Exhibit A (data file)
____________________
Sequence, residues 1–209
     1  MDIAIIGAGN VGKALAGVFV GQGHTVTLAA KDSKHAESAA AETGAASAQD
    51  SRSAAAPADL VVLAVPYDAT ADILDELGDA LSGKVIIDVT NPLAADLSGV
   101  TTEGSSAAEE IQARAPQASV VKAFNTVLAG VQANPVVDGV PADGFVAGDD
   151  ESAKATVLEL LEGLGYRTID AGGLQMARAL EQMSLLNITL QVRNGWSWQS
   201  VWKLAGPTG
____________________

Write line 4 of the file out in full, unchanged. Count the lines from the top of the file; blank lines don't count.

   101  TTEGSSAAEE IQARAPQASV VKAFNTVLAG VQANPVVDGV PADGFVAGDD